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Sunday, June 15, 2008


Noticed in transferring photos from my camera onto my hard drive -- this series showed up ... .

Earlier this month a teacher from the local adult school invited me to speak before her class. These were young people, ages of 18 to 25. Most were studying for their GED and in most cases had dropped out of school long before completion.

This would be the second visit to their classes for me, and I wasn't all that sure how successful the first visit may or may not have been. It's often hard to tell with this age group.

There is also the problem of relevance. Just how much interest was there really in World War II among today's youth? There have been many wars since that time, and each with its own stories. This one was now 67 years old and most of those who fought or worked in that effort were now gone. We're talkin' grandparents generations here!

A few weeks ago I took along my little DVD of "Lost Conversations," some literature about the mutiny at Port Chicago; brochures on Rosie the Riveter WWII/Home Front Historical National Park (phew!) and gave it my all. They seemed interested enough, though it was hard to tell how much I was getting through with my stories. After all, how would young people -- who in many cases came from single parent households headed by women who've had to work all their lives -- relate to the stories of Rosie the Riveter?

I tried holding eye contact with those who would accept my gaze but with minimal success. The two teachers in the room were probably my best audience, sadly.

At the conclusion of my one-hour visit I invited the class to come to the Rosie Memorial soon where, perhaps, I could make the stories more real and where they could see the "swords into ploughshares" transformation of Kaiser's Shipyard II into what is now a fine shoreline housing development and city park that holds this very moving memorial to the women who had entered the nation's workforce for the very first time. It felt as if I were reaching a bit in extending the invitation -- as if -- with a bit more time the message might get through ... .

A few days later their teacher called to say that the young people really did want to visit the memorial and would I meet them there for a continuance of our WWII experience? They would have to board two city buses in order to get there, but that she'd love to have them do that if I could arrange a time.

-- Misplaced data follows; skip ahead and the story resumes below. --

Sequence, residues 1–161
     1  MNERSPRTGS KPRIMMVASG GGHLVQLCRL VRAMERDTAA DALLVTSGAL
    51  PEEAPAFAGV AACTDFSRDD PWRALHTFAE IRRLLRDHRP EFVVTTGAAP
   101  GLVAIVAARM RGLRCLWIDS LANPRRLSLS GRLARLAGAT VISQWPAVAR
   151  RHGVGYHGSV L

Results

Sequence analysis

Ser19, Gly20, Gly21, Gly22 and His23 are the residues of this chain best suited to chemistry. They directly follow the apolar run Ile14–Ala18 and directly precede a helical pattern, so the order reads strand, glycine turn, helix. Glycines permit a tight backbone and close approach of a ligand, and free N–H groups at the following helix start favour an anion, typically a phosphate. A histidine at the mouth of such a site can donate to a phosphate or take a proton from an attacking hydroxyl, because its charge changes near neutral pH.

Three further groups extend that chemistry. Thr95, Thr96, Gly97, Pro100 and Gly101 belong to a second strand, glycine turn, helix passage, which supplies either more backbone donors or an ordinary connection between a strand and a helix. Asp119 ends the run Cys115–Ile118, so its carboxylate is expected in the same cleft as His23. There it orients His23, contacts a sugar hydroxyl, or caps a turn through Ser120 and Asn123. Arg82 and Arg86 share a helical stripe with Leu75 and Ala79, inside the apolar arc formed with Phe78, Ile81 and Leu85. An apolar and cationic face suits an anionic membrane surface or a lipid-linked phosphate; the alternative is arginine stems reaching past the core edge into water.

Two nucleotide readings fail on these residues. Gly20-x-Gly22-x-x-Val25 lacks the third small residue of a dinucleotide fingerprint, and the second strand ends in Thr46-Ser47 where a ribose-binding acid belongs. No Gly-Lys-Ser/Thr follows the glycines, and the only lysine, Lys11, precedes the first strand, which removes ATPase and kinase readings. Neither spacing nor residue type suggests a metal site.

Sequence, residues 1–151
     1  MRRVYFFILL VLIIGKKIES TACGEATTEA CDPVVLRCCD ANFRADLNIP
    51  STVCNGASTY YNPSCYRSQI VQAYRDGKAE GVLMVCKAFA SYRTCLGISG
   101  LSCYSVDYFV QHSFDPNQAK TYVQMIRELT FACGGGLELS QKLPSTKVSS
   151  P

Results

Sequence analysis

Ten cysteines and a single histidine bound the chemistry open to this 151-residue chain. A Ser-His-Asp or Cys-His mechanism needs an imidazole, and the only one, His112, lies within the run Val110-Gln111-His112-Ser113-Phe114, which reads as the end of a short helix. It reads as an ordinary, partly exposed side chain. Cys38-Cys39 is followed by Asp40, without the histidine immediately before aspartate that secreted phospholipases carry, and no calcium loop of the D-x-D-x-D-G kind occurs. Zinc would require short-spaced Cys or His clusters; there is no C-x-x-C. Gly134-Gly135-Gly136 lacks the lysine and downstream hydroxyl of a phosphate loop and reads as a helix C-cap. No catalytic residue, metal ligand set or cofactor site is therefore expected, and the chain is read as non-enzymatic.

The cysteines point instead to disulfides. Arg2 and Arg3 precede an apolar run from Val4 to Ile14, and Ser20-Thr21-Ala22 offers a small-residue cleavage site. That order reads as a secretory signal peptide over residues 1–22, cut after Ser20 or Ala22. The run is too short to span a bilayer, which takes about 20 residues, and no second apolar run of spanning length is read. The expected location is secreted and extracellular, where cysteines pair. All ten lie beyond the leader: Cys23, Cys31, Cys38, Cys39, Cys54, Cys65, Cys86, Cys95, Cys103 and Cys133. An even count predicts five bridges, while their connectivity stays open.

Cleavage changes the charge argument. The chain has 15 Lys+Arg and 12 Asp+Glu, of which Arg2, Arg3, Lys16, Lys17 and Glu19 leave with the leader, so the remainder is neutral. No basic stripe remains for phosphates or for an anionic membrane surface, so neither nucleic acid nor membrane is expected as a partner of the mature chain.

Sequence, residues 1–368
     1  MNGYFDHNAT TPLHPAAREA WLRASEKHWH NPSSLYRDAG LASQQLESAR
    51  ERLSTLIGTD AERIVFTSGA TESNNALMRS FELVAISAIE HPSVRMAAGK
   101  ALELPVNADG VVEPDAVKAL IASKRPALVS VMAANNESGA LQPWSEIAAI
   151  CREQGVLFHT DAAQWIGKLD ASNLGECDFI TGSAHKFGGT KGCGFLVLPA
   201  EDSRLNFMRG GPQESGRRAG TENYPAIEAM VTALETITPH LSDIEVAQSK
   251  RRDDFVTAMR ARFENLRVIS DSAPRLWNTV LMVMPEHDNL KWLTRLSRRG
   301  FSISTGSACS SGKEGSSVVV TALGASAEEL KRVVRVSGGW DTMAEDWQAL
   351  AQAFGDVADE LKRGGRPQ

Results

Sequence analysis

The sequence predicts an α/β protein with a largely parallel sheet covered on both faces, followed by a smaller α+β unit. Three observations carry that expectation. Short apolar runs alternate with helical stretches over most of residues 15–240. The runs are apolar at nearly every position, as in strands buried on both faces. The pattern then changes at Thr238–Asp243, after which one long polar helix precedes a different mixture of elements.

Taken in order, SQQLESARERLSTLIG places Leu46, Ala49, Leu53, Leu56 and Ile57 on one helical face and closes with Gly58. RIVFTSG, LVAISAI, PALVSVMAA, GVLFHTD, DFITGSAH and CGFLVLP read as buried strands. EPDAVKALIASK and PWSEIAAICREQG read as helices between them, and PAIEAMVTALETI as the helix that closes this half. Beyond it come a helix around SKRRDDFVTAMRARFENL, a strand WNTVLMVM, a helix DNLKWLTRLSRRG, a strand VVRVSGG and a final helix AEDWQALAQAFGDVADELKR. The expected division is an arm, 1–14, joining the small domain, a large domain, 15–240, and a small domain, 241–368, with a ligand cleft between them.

Two weeks ago I arrived at the Memorial at precisely ten o'clock as planned to find that they'd preceded me and were eagerly waiting for whatever was to come next. This morning in sorting through photos to add to my collection, I noticed how deeply engaged they were. They were totally present in the moment. I remember how moving it was to me to walk with them the entire 433 ft. of the memorial (the length of a Victory Ship) while individual students volunteered without prompting to read aloud for the group each plaque that was embedded in the time line set in concrete - a time line telling the story of the mobilization and the home front effort of Americans to defeat the enemies of Democracy. The reading was halting and the teacher occasionally pushed through when a word was misread -- but there was no embarrassment. The content completely erased any fear of failure. Amazing! The experience of these young people who lived in this city but who had little or no information about its history to date was exciting to everyone. It was a privilege to participate in their discovery.

When I got back to my office later it occurred to me that this experience could be extended. Next month we'll make the trip out to Shipyard III together to tour the SS Red Oak Victory with one of the men who is volunteering in the restoration of this -- the last of the victory ships built in that shipyard in 1945. She sailed as late as the Vietnam War before being mothballed at Benicia then donated by the Navy to the city's Museum of History.

Whatever made me think that young people in baggy pants and caps on backwards sporting gold chains and fancy sneakers with Hip Hop as their credo couldn't be stirred by something as mundane as local history?

I don't think that -- at the time -- I was aware of just how truly engaged they were. These snapshots are wonderful to view after the fact. I might have forgotten ... .

Quite affirming, really. Something to review on those days when I'm feeling less than effective -- and old.

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